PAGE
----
Although much public support for smart growth comes from people unhappy about traffic congestion, Metro's plans welcome near-gridlock stop-and-go traffic at peak hours in downtown Portland, in regional and town centers, near light-rail stations, and on many interstates because that is where the opportunity to use alternative modes of travel is greatest, according to the Regional Framevork Plan. The 1999 Regional Transportation Plan adds that transportation solutions aimed solely at relieving congestion are inappropriate at congested areas.
On a more global level, smart growth is said to offer more choices, but in practice it would limit them. The Congress for New Urbanism states that all development should be in the form of compact, walkable neighborhoods. O'Toole points out that this is altogether different from saying that all jurisdictions should allow compact, walkable neighborhoods.
Second, O'Toole states the smart-growth utopia is internally inconsistent. O'Toole argues that in order to pack enough people to support an ordinary supermarket within a quarter-mile walking distance, they would have to live at a population density double that of Manhattan, or 40,000 people per quarter-mile area. Because no such densities are imaginable any where else in the country, either the supermarket also will depend on substantial car traffic or it will go out of business and be replaced by boutiques that also depend on substantial car traffic, or the only "walkable" shopping available in the area will be convenience stores with high prices and limited selection. None of these alternatives is acknowledged to be part of the smart-growth package.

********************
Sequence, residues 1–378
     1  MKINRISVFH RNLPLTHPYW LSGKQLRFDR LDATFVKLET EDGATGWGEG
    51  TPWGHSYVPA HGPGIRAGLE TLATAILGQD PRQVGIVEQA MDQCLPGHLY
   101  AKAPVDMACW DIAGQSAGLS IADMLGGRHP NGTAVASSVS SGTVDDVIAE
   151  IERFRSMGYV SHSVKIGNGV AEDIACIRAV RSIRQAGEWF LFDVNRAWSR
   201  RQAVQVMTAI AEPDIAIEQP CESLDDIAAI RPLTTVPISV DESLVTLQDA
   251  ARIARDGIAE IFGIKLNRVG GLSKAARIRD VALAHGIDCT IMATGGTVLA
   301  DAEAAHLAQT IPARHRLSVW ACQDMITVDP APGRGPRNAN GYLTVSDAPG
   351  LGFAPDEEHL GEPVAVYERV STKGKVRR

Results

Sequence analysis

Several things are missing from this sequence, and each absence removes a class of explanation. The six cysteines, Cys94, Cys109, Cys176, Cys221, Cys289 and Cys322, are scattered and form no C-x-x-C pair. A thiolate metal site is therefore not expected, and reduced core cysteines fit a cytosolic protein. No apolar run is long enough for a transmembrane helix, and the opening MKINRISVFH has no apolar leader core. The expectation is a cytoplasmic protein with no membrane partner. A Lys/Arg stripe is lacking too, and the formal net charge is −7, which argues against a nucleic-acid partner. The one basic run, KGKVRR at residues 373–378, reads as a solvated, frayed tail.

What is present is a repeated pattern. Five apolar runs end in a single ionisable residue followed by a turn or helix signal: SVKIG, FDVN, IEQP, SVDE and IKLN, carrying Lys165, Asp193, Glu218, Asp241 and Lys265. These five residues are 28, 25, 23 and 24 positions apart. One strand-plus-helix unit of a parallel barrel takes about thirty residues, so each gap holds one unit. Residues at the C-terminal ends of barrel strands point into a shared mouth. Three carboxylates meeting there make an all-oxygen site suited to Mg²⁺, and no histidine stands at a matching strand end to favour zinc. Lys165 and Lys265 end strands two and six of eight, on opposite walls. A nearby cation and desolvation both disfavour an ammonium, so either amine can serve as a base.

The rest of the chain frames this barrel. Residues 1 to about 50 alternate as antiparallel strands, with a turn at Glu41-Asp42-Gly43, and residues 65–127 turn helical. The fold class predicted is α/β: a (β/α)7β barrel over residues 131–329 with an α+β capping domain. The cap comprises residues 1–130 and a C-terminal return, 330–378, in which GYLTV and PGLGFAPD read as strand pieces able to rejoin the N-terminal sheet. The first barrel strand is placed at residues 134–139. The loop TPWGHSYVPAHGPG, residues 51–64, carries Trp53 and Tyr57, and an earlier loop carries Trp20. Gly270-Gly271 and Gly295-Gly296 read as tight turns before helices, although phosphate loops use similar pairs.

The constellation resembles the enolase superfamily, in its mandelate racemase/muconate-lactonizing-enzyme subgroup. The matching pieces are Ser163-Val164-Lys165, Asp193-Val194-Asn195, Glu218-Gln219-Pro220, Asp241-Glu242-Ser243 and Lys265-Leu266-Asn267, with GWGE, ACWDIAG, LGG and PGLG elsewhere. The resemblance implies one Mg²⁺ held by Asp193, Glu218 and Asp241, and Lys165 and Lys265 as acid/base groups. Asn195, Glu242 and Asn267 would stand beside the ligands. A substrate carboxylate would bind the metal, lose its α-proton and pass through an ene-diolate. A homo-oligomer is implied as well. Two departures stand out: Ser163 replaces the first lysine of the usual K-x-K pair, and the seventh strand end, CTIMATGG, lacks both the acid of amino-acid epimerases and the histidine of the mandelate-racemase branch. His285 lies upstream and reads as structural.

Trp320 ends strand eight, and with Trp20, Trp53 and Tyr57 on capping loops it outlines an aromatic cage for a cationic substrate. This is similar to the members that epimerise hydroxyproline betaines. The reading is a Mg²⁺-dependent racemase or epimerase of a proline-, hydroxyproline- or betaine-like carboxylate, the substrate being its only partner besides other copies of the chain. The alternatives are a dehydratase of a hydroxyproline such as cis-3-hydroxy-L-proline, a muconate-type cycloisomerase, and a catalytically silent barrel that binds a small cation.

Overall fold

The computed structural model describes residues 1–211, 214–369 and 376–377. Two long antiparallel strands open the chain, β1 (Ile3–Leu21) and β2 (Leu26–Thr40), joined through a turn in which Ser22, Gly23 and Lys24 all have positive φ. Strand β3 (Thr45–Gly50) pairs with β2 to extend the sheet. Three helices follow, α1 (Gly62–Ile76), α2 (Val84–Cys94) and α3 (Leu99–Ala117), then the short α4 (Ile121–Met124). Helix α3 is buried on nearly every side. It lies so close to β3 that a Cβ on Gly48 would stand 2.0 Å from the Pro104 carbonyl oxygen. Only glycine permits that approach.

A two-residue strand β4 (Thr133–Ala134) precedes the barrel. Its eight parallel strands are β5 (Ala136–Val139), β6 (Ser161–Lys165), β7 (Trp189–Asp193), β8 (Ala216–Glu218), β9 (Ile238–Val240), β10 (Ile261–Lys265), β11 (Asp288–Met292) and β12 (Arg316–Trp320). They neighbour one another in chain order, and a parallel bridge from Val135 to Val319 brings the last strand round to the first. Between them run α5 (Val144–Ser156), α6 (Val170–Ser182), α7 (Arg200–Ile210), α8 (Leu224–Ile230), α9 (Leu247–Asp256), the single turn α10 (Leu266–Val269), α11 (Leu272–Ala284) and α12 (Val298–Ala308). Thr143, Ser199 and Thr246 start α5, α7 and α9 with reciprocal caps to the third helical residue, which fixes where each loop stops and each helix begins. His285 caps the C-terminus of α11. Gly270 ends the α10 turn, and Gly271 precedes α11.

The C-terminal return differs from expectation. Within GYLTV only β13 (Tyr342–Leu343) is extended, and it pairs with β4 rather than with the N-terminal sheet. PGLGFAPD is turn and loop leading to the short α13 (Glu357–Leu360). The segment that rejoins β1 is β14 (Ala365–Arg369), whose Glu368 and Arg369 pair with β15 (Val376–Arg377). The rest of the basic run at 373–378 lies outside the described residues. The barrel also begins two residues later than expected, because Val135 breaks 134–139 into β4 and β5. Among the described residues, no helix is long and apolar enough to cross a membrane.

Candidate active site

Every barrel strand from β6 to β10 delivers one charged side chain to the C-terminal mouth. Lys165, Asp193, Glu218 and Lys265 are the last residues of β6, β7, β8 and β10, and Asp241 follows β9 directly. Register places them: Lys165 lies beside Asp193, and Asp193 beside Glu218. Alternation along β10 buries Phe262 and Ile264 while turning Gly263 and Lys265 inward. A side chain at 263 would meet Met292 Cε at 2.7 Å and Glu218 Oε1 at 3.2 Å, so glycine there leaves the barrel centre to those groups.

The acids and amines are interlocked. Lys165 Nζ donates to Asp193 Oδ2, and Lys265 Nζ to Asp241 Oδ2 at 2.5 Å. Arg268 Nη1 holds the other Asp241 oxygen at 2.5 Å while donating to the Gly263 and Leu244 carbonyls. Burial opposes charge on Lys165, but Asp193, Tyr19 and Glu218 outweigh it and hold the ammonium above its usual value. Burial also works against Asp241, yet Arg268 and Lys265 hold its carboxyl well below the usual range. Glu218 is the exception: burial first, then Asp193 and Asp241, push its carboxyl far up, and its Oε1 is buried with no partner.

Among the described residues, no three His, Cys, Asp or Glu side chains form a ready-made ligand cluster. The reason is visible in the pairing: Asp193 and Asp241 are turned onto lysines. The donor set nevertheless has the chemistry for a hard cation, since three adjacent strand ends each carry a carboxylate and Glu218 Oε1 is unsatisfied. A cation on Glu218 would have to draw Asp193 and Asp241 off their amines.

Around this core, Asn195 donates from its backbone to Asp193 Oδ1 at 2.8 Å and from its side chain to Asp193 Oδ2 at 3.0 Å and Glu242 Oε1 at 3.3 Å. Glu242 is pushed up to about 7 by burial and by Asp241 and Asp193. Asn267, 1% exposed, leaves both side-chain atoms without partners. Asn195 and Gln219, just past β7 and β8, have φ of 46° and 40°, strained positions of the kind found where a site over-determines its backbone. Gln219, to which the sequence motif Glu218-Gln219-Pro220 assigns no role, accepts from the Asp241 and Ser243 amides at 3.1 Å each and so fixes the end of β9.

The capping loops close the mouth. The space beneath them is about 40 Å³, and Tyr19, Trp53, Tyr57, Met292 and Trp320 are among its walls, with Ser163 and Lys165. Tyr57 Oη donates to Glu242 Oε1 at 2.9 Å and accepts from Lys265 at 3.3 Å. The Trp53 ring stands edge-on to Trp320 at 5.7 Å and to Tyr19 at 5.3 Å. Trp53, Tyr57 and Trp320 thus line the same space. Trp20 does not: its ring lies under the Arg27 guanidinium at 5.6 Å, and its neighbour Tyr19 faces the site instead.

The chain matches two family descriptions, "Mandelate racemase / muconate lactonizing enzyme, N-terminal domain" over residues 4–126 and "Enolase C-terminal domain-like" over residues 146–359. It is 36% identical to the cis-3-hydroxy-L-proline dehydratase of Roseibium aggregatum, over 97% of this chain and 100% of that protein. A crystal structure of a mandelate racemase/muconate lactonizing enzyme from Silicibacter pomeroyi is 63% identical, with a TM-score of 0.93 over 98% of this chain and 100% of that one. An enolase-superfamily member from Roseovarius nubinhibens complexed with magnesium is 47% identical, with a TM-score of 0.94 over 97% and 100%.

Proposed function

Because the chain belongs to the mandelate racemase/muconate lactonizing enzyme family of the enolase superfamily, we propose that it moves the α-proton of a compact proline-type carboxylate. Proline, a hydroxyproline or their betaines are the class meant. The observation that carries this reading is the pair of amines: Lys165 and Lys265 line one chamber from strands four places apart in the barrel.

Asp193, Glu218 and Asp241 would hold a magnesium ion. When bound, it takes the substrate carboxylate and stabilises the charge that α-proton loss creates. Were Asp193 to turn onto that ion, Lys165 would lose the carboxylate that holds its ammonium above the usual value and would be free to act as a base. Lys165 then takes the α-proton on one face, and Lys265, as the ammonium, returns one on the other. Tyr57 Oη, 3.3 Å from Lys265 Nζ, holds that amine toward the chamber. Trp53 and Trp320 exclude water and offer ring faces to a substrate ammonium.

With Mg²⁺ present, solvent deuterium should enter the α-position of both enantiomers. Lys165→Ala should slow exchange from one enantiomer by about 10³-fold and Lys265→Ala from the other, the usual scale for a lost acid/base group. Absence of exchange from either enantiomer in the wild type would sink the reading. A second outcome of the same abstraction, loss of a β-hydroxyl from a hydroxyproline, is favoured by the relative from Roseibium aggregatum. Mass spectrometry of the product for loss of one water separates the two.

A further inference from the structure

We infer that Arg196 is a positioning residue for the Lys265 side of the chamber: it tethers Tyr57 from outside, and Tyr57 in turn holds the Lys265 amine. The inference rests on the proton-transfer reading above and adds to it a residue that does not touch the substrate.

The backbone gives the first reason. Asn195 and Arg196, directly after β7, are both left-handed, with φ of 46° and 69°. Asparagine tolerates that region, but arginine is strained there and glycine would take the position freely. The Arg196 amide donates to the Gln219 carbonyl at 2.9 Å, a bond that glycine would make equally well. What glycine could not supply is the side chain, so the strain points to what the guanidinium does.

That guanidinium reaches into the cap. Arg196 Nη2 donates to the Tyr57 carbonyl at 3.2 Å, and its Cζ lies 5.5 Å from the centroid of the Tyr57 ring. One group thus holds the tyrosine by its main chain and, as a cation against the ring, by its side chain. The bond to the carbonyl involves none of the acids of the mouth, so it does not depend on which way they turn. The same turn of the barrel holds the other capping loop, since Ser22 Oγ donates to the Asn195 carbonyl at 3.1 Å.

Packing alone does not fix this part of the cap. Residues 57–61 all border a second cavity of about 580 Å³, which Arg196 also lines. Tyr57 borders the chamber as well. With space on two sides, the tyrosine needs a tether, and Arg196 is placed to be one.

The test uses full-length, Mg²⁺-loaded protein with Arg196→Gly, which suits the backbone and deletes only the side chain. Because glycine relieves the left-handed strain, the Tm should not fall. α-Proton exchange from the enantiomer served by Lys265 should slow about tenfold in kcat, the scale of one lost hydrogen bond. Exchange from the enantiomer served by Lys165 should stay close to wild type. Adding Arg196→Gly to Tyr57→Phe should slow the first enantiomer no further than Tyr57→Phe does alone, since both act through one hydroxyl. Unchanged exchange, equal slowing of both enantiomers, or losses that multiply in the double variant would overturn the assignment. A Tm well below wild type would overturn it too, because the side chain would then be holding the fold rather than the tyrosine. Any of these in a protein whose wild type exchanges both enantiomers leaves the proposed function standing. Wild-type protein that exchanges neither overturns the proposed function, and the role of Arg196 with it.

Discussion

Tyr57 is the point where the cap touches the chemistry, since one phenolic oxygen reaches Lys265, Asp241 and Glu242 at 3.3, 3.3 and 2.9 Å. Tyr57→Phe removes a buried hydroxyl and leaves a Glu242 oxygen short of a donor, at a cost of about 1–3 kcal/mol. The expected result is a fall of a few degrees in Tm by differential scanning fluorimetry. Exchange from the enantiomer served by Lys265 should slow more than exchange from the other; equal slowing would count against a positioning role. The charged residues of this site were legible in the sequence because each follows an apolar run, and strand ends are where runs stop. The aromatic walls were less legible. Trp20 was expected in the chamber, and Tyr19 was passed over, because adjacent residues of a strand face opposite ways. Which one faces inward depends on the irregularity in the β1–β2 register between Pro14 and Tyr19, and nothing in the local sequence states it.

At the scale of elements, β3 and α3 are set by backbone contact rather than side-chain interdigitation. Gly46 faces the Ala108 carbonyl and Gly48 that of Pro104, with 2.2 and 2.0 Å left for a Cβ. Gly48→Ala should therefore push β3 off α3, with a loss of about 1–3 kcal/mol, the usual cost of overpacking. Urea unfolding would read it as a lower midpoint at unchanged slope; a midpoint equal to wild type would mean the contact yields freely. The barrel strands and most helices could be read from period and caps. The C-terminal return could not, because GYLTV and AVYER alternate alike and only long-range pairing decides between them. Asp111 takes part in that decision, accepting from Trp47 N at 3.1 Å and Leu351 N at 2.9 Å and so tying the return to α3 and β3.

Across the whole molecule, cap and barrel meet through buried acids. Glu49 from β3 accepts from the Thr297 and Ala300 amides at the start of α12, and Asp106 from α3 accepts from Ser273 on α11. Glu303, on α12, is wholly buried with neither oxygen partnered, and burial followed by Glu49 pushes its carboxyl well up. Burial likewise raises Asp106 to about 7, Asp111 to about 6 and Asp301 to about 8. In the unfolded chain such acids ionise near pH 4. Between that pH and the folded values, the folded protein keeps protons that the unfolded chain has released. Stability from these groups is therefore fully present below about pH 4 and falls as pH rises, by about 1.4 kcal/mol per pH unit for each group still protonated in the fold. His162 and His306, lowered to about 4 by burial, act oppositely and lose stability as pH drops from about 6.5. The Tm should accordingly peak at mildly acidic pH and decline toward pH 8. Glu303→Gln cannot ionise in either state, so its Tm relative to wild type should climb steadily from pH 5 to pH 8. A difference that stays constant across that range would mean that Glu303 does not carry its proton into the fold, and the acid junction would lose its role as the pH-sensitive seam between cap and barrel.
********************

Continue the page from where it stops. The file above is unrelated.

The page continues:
Even if high densities could be achieved they might not reduce driving much, as O'Toole reads the Census Bureau and Federal Highway Administration data: "A 1,000-person per square mile increase in density will reduce auto commuting by no more than one to two percent. Doubling the density of, say, the Seattle metropolitan area from its current 3,000-per-square mile to 6,000 will reduce the share of auto commuting by little more than 3.6 percent." Driving levels are significantly lower in some high-density urban neighborhoods, but that is largely the result of self-selection: People choose to live there because they don't need or want to drive much. Even after drastic increases in road congestion and population density, Metro's own forecasts have transit carrying fewer than seven percent of Portland trips in 2040.